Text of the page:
In a descriptive article on the Imperial Institute, then in course of construction, the Daily (May 14th, 1890,) writes:

"Where ornamentation has been planned for, and particularly at the principal entrance, along the vestibule and galleries, the material used has been Derbyshire Hopton-Wood stone. It is a well-known variety of Limestone exceedingly durable, and capable of the finest possible polish. The utmost delicacy of touch can be wrought out in Hopton-Wood Stone, and there is abundant evidence in the Institute of its superiority for ornate mural work. In the corridors the effects of its use has been much heightened by the interposition of alternate panels rich in fossils."

The encrinite consisted of a long jointed column attached by
one extremity to the sea-bottom, and supporting at the opposite
extremity a cup-shaped body, from which radiated several articulated
arms furnished with ciliated appendages. The entire structure was
rendered flexible by the internal calcareous skeleton being composed
of numerous, bead-like, joints. The dislocated fragments or joints are
cemented in the marble, by means of carbonate of lime and being in the process of manufacture, cut in many different directions, assume a variety of forms.

The perforations in the centre of the joints afford facilities for stringing them as beads; in this way these fossils were used as rosaries, and they are still known in northern England, as "St. Cuthbert's beads."

On visiting the Hopton-Wood Stone Company's limestone works, we were very much impressed by the beautiful specimens of turned and moulded work in polished marble which were shown to us. Nearly all the best work is turned out by hand, and the results speak much for the skill of the workmen employed by the Company. Amongst the rest were some beautifully turned columns and pilasters, and some excellent tessellated and inlaid work. The marble quarries are - situated at Cole Hills, three-quarters of a mile north of Wirksworth, and adjoining the Cromford and High Peak Railway and the numerous blocks and sawn slabs, each carefully numbered, stored on the ground, must represent a considerable sum of money.

An important section of the business of the Hopton-Wood Stone Company is devoted to the manufacture of kerbs and setts for street work and road paving, and excellent kerbs and setts they are. The stone is eminently adapted for splitting into cubes with a minimum of waste, and we had difficulty in tearing ourselves away from the absorbing interest which we felt in watching the skill and precision with which the blocks were manipulated by hand labour to kerbs and cubes of the requisite dimensions. To enable the Company to meet the large demand for their kerbs they keep upwards of seven miles of kerbs In stock.

Very large blocks are obtained from the Hopton-Wood quarries and at the time of our visit a monolith, measuring 9 feet by 8 feet by 4 feet, was being conveyed on a truck from the quarries to the stone yard. This stone was estimated to weigh about 18 tons. Many thousands of feet of blocks of Hopton-Wood stone are annually got at the quarries.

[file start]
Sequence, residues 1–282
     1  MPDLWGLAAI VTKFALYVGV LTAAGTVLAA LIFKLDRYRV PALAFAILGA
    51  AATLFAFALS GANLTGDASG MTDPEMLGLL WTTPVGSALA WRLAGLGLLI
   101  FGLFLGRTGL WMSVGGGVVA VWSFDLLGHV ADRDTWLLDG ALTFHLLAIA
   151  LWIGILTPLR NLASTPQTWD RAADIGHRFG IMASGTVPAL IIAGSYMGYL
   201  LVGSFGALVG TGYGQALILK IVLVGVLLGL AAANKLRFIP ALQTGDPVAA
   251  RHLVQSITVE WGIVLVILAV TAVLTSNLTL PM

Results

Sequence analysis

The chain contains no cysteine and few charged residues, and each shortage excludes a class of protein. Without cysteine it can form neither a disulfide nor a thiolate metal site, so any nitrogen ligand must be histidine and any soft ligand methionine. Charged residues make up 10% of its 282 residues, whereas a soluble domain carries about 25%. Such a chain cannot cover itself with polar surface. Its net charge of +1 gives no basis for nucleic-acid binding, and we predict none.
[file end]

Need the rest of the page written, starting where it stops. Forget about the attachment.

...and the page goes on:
The mechanical arrangements for sawing, dressing and polishing the stone are very complete. In the saw mill there are 6 frame saws, three of which. are constructed to accommodate blocks 8 feet by 3 feet 6 inches by 6 feet ; one 11 feet by 3 feet 6 inches by 8 feet ; one 13 feet by 4 feet by 9 feet. In this shed there is also a polishing bed which will take a stone 8 feet by 4 feet.

No. 1 Rubbing shed contains a rubber 13 feet 6 inches in diameter, which will accommodate stones up to two tons in weight. This shed also contains two turning lathes, 4 feet by 13 feet, and 2 feet by 9 feet respectively, as well as a sawing lathe.

No. 2 Rubbing Shed contains a rubber, 6 feet in diameter. Over 200 men are employed in and about the quarries.

The output of the quarries is despatched by the Cromford and High Peak Mineral Line (London and North Western Railway Co.), which communicates directly with the workings. This line delivers the stone in one direction on to the L. and N. W. Railway system at Buxton, or in the other direction, on to the Midland Railway at Cromford Junction.

The following chemical analysis of the Hopton-Wood limestone made by Mr E. W. I. Jones, F.C.S. July 10th 1877, will be of interest to our readers:
Moisture  0.10 per cent.
*Lime  55.30   "
Magnesia  0.45     "
.Carbonic Acid  43.60   "
Oxide of Iron and Alumina  0.25     "
Phosphorous  traces only.
Sulphur  -
Siliceous matter  0.75 per cent.
*Equal to Carbonate of Lime. 98.75

The remarkable purity of this limestone renders it specially suitable for fluxing purposes, for which it is largely used, upwards of 100,000 tons being sold per annum.

At Cole Hills Quarry, two Blake-Marsden Crushers are in full work, and a large trade is clone in broken stone; the gravel is screened to tile sizes usually required. Tile stone is tough in nature. and the crushing strain, according to Kirkcaldy's test, is 812.7 tons per square foot.


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Copyright 2001 Jeremy Hewitt
Last modified: May 14, 2002